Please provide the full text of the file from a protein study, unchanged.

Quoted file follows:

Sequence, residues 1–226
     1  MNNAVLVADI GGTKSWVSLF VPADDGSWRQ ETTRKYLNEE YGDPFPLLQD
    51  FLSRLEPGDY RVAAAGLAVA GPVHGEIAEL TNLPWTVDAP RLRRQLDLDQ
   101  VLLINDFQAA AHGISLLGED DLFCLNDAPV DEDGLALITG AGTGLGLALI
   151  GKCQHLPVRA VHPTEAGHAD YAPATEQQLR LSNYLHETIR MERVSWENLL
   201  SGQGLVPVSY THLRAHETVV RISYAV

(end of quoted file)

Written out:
Sequence, residues 1–226
     1  MNNAVLVADI GGTKSWVSLF VPADDGSWRQ ETTRKYLNEE YGDPFPLLQD
    51  FLSRLEPGDY RVAAAGLAVA GPVHGEIAEL TNLPWTVDAP RLRRQLDLDQ
   101  VLLINDFQAA AHGISLLGED DLFCLNDAPV DEDGLALITG AGTGLGLALI
   151  GKCQHLPVRA VHPTEAGHAD YAPATEQQLR LSNYLHETIR MERVSWENLL
   201  SGQGLVPVSY THLRAHETVV RISYAV